Surrounded with Indians and under the Necessity of giving a Variety of Directions, as I must return Early to Morrow Morning to Fort George, I must beg General Gates’s to dispense with My Answering his Letters until my Arrival there, I am extreamly unhappy that I am not in a situation of Complying with Your Excellency’s Orders to make a Return of the State of the Army &ca. I have repeatedly applied to General Wooster for It, & for the several Other Returns which I ought to have had. The Only one I ever received was the imperfect one I lately sent You from Fort George,6 this Omission has been the Source of much Embarrassment to me, I hope soon to comply with Your Orders on this Head, as General Thomas promissed to be as regular as possible in these Matters.

Mr Price arrived at Fort George the Day befor⟨e⟩ I left It, with a Resolution of Congress, the subject Matter of which is Contained in the Enclosed Orders I have given to Mr Price; Your Excellency will Easily perceive that they are very crude, the Necessity of Sending him immediately into Canada & the Other pressing Concerns which then occupied Me, did not permit me Time to reflect with that Attention so important a Buisiness required.7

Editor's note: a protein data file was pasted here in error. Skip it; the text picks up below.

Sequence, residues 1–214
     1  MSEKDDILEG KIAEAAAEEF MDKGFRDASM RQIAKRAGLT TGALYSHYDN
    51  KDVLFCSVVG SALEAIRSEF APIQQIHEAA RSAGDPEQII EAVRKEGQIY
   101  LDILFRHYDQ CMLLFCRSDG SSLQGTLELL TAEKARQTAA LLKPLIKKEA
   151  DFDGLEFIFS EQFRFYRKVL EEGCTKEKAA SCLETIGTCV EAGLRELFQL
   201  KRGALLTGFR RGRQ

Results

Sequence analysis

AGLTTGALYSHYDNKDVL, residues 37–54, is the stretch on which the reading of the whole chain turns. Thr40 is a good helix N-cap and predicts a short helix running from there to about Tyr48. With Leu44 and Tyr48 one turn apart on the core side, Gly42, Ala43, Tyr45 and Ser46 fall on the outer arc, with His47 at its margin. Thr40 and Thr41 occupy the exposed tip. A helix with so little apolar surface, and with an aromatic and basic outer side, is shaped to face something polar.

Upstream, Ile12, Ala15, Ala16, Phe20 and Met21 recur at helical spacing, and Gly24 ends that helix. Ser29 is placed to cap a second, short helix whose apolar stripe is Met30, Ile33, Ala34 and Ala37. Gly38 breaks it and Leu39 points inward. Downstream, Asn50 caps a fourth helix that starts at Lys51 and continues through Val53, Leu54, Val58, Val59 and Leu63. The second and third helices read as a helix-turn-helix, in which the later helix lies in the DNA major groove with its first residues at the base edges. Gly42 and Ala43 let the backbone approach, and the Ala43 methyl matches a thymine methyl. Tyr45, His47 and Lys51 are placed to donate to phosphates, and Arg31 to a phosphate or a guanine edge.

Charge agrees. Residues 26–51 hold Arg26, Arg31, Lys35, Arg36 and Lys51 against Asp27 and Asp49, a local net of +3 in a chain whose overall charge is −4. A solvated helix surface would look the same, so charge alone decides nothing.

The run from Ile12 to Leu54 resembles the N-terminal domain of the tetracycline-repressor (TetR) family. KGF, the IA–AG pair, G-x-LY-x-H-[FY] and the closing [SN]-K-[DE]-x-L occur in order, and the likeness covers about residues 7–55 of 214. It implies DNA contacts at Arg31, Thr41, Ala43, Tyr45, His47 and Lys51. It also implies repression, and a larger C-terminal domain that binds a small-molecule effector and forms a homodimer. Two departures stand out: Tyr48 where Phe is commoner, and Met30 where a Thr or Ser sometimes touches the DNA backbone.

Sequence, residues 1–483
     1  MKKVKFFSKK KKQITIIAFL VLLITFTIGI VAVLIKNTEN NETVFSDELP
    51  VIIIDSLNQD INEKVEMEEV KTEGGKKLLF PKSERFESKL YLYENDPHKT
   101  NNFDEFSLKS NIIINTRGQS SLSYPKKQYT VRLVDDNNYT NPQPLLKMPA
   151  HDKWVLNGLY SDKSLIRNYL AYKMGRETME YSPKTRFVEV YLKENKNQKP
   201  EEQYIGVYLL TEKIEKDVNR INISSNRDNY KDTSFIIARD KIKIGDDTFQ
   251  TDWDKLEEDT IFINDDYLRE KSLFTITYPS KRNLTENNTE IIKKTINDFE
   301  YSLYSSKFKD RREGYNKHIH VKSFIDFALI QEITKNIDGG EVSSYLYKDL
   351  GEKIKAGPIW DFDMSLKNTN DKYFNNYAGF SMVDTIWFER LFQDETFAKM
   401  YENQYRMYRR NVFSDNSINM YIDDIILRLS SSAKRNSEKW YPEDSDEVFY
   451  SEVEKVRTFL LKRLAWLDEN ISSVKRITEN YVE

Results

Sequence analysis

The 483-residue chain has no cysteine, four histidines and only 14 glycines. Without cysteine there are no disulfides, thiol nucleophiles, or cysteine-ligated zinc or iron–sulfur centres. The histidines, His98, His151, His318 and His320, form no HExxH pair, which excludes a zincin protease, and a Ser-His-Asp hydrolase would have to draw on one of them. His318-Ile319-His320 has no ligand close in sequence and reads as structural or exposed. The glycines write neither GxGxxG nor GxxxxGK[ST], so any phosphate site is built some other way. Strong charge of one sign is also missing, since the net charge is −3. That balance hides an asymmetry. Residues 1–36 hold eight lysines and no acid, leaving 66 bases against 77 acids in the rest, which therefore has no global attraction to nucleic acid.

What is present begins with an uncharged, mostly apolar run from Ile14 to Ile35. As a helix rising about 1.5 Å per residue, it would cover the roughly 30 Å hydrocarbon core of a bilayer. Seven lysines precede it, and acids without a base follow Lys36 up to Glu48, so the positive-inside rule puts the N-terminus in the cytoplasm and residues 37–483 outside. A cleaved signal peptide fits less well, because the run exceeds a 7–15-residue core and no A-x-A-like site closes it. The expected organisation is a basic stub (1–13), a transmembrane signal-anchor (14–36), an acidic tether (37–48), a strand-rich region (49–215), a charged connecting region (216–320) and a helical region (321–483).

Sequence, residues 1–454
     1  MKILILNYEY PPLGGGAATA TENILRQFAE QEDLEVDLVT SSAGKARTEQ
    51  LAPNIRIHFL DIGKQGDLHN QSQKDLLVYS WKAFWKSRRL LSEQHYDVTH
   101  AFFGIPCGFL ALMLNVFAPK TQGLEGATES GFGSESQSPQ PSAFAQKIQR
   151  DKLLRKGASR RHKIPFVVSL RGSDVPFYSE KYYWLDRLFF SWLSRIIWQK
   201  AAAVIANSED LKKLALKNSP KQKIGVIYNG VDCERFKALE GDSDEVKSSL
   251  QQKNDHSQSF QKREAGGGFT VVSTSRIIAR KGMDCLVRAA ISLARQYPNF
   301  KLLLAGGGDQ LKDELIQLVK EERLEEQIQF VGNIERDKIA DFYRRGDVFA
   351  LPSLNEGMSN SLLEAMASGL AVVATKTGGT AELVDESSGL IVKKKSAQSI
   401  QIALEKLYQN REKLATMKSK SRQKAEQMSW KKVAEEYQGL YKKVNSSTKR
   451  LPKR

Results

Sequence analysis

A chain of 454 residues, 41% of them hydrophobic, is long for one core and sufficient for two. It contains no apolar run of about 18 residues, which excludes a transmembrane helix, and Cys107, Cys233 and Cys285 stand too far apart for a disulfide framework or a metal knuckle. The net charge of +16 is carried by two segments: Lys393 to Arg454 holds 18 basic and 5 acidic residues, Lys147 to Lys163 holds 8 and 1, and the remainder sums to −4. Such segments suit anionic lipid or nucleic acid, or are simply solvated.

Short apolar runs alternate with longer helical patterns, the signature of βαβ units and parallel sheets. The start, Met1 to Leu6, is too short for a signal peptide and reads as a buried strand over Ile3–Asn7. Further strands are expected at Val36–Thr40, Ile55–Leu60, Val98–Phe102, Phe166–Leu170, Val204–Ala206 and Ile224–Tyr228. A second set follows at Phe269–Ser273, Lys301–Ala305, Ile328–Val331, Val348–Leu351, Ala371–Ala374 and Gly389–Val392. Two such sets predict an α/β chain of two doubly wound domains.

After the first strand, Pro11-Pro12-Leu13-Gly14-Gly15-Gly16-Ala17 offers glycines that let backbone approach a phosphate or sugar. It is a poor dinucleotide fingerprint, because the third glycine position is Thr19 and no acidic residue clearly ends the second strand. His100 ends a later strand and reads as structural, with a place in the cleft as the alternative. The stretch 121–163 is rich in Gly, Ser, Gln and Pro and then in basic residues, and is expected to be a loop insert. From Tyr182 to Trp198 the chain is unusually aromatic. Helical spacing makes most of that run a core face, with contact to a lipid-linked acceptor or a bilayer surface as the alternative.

Inclose Your Excellency a Return of the Arms in Mr Rensselaer’s Store, a Considerable Number of General Sullivan’s Brigade are still to be furnished, Most of Wynkoop’s Regiment and the seven hundred unfit for Service, are Arms that have been exchanged and very few are Capable of being made Useful.8

I shall do Myself the Honor to write You from Fort George, where I shall be better able to determine with Certainty when the last Troops will leave It. I am Dear Sir With the most respectful Sentiments Your Excellency’s Most Obedient & Most Humble servant

Ph: Schuyler

LS, DLC:GW; LB, NN: Schuyler Papers.

1The previous Wednesday was 8 May.

2The following Sunday was 12 May.